Diego Villarreal
CEO
Castor
/
View from the Top

Castor: Helping Customers Access, Save Their Paycheck

By Sofía Hanna | Mon, 01/10/2022 - 16:58

Q: What are your priorities for the funding raised through Castor’s latest investment round?

A: We raised US$1.8 million in a pre-seed round. The funds will allow us to further optimize our distribution models and accelerate our growth in 2022. The main objective in 2021 was to develop a unique and innovative product and we launched in December. Now, it is going to be all about growth. By that, I mean enabling as many workers in the Latin American region to leverage the Castor card to access wages more flexibly without having to pay ridiculous fees.

 

 

Q: What attracts investors to solutions like Castor and why should more of them pay attention to this app in particular?

A: Our investors came on board because they also believe in creating financial inclusion through affordable access. That really allows us to lift more people up from the status quo and generate greater wealth. Our model is very different from the majority of the earned-wage models in both the US or across Latin America. Most of those models focus on charging employees every time they want to withdraw funds from their earned wages. We believe that is a faulty model because it basically charges the people you want to help. We have designed a card-based model. Instead of letting the employee withdraw funds from their account and charging them each time, our card provides them with that earned-wage access at their fingertips. That philosophy is what attracted investors to our company; the notion of an authentic belief in financial inclusion.

 

 

Q: What benefits do employees get by having a Castor card?

A: Liquidity. In Mexico, statistics show that 70 percent of workers live paycheck-to-paycheck and very few people have savings. Also, loans and credit are very expensive. When employees use our cards, the balance increases every day that they work and they can use those funds for transactions. What we have seen through our pilot programs is that these transactions are not the result of emergencies but for daily use. We are seeing the average transaction value fall as the number of transactions increases, meaning that our product is being used for day-to-day purposes. It provides employees with access to funds to go through their daily life without having to depend on credit products, which could easily plunge them into debt, or on loans that might charge higher interest rates. We are trying to control that liquidity. I refer to liquidity and not credit because we are giving employees access to the money they have earned and helping them control their finances so they avoid the slippery slope of credit, where they start spending more than they earn.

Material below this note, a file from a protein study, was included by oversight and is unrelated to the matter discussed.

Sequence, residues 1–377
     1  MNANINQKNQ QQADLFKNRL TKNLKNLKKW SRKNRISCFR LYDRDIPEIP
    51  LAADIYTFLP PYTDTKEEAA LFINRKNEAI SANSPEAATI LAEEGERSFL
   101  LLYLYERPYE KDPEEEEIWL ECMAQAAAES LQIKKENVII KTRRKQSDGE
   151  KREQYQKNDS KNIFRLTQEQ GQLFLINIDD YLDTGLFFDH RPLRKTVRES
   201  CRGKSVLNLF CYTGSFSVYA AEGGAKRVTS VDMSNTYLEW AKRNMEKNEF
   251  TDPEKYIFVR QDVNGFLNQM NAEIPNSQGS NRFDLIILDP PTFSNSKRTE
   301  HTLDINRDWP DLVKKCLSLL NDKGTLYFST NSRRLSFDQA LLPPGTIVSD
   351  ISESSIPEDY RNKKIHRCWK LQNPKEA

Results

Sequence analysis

Q: Why is a service like salary on demand necessary and how should companies address the root problem, which is financial education?

A: Financial education is hard to promote through videos, webinars or articles. It is really more about creating products that help create behaviors that lead to improved financial habits and wellness. As an example, we’re trying to design our products so that users can see their financial stability increase as they rely on Castor to manage their expenses. By focusing on liquidity, we give them access to a controlled version of their funds so that they don’t lose control and find they have nothing on payday. We give people access to only a percentage of their earned wages. As they develop better financial habits, we increase those limits so they get better access. Similarly, another tool we offer relates to the notion of flattening expenses. As an example, if you want to pay your electric bill through Castor, instead of having to pay it all at once, we let you deduct it over four periods of 15 days each, for example. This leads to a more stable financial profile. You don’t have to self-manage. We simplify those decisions for you.

 

 

Q: How do you promote your services within Mexico, which continues to have a low rate of banking inclusion?

A: We have a variety of distribution models to get the product in the hands of workers. They can apply directly through Castor but we also partner specifically with companies that distribute our cards to their employees. Another distribution model that we are testing is integrating our product into payroll systems or with payroll providers where, regardless of the company, workers who get paid through those systems get access to and can use Castor. We are still experimenting across those three distribution models to see which works best in terms of allowing us to scale rapidly but in a healthy way to get to our goal of getting cards in the hands of 100,000 people by the end of 2022.

 

 

Q: Why is the culture of savings important for companies and individuals and what is Castor’s role in promoting it?

A: One of our complementary products is a savings tool. You can select how much you want to save and we withhold that portion of your pay, depositing it into a savings account where it gains a positive return of about 4.5 percent annually. We are trying to automatize that behavior so people do not have to worry about it. We all know how hard it is to save once the money gets in your bank account. The idea is that before it gets to your account, we put it in this piggy bank, automatically and seamlessly, so you do not even have to think about it.

 

Castor helps companies grow their money and reduce their debt. It has services in the area of ​​salaries, consulting, savings and installment payments.

Sofía Hanna Sofía Hanna Journalist and Industry Analyst